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Tag Archives: Japanese Gods

Fudo

Fudo The Immutable One Also known as: Fudo-sama Fudo, Lord of Wisdom and Fire, may be the Japanese manifestation of Dainichi Buddha. Emerging as an independent entity in the twelfth century, Fudo protects against danger and disaster. He is invoked against fire and theft. Fudo brings devoteesfinancial prosperity. He banishes evil spirits. Fudo is the guardian spirit of the Year …

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Okame

Okame Also known as: Otafuku; Ofuku; Mrs. Daruma The dance of Uzume, the shamanic strip-teaser who rescued Earth, is the prototype for Japanese shamanic dance. Daughters of provincial aristocrats were once sent to Kyoto where they were trained to dance and perform sacred rituals. Traveling through Japan in performing troupes, they eventually became the sacred ancestors of Noh, Kyogen, and …

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Kangi Ten

Kangi Ten Also known as: Kangi Two elephants locked in erotic embrace: that’s the magical image of Kangi Ten. Kangi Ten names a pair of elephant spirits and the specific iconographic image used to represent them. Kangi Ten is known elsewhere but is particularly popular in Japan. Veneration of the image unlock Kangi Ten’s many blessings: • Kangi Ten bestows …

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Kannon

Kannon Kannon is the manifestation of Kwan Yin in Japan and Korea. Although technically considered the same spirit, they do not manifest in exactly the same way nor are they always petitioned in exactly the same manner. • Kannon protects pregnant and laboring women, children and dead souls • She bestows the gift of fertility • She can heal incurable …

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Kishijoten

Kishijoten Origin: Japan Kishijoten is a spirit of love, beauty and good luck. She is considered to be Bishamon’s sister and so has close connections with the Shichi Fujukin, Japan’s Seven Spirits of Good Luck. Kishijoten is now most famous as the matron goddess of geishas. Those who consider themselves modern geishas may seek Kishijoten’s protection. Favored people: Singers; dancers; …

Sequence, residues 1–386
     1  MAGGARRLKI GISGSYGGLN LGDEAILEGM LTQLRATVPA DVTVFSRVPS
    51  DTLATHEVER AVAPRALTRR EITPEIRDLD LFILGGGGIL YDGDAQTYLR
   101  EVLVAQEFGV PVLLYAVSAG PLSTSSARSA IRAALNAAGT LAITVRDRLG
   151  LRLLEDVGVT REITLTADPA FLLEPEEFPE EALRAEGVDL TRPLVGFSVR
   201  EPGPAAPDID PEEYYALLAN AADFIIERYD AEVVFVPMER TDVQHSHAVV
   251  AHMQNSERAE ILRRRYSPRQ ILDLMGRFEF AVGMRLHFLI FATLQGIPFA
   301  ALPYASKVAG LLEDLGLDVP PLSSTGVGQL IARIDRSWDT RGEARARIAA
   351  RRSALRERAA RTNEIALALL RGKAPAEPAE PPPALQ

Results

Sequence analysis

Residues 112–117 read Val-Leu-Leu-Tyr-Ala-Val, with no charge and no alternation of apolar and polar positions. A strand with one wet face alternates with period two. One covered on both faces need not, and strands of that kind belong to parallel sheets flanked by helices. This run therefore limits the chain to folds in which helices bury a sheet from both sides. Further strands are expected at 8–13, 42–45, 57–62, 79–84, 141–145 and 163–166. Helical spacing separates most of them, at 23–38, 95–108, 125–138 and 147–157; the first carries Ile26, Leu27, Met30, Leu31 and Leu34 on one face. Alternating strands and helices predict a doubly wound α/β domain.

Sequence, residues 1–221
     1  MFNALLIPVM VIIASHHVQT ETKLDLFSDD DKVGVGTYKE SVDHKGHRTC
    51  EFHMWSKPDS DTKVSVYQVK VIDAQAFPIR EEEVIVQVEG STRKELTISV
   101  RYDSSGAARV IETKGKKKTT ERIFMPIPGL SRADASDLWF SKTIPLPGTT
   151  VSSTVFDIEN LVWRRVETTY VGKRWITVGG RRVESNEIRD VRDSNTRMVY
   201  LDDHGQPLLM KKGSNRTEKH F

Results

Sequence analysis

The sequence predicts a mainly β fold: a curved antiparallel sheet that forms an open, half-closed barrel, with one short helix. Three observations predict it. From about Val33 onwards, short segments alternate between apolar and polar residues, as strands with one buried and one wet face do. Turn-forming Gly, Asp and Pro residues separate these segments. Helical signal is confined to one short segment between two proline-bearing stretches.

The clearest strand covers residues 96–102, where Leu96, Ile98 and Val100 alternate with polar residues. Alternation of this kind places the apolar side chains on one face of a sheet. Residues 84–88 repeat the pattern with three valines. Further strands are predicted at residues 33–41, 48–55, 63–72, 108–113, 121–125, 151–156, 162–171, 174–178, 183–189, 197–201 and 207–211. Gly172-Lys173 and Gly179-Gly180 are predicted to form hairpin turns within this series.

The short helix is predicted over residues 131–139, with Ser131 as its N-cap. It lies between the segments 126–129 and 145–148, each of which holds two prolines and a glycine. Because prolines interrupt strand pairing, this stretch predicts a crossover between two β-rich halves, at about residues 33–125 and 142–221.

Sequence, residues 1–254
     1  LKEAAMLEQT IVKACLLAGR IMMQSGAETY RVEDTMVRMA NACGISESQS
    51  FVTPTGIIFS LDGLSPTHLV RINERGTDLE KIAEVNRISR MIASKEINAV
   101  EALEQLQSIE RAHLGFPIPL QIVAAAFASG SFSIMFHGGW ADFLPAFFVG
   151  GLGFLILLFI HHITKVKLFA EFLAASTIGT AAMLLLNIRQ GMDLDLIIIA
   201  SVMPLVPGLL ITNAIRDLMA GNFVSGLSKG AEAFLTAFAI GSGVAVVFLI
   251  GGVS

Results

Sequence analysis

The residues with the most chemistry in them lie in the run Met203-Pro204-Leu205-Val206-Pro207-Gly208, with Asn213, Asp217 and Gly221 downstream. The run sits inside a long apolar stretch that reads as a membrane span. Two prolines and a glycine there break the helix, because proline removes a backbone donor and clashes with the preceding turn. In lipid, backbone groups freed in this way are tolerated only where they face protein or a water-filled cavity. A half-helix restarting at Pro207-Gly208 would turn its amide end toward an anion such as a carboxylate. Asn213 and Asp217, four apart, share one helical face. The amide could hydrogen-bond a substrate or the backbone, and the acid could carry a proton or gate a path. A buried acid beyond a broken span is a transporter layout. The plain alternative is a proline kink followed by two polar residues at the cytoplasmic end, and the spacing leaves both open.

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Benten

Benten Also known as: Benzaiten; Benzai Tennyo Origin: Japan Benten, beautiful dragon goddess of sex, fertility, music, dance, love, and wealth, has dominion over all Earth’s treasures, material and emotional. She brings happiness, wealth, and joy. Benten is the only female member of the Shichi Fujukin, the Seven Spirits of Good Fortune. Benten is revered in Shinto and Buddhist traditions. …

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Ikazuchi

Ikazuchi In Japanese mythology, the eight gods of thunder. They are O-Ikazuchi, Ho-noIkazuchi, Kuro-Ikazuchi, Saku-Ikazuchi, Waki- Ikazuchi, Tschui-Ikazuchi, Naru-Ikazuchi, and Fushi-Ikazuchi. Taken from the Encyclopedia of World Mythology and Legend, Third Edition – Written by Anthony S. Mercatante & James R. Dow Copyright © 2009 by Anthony S. Mercatante Back to Japanese Gods and Goddesses Back to Asian Gods and …

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Idaten

Idaten In Japanese Buddhist mythology, god of peace and contemplation. Portrayed as a young man of martial bearing, he carries a halberd. The loose parts of his garment are kept in place by his feet as a symbol of subdued sexuality. He also is sometimes portrayed with both hands resting on the pommel of his sword. Taken from the Encyclopedia …

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Ichimokuren

Ichimokuren (one-eye) In Japanese mythology, one-eyed god invoked to obtain rain during periods of drought. Taken from the Encyclopedia of World Mythology and Legend, Third Edition – Written by Anthony S. Mercatante & James R. Dow Copyright © 2009 by Anthony S. Mercatante Back to Japanese Gods and Goddesses Back to Asian Gods and Goddesses Back to Home This post …

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Daikoku

Daikoku In Japanese Shinto-Buddhist mythology, god of wealth, portrayed as a short, stout man standing or sitting on two bales of rice, with a large wooden mallet in his right hand and a bag with a nonvegetable treasure slung over his left shoulder. The god’s “lucky mallet” is capable of bestowing wealth with one stroke. Daikoku is the guardian of …

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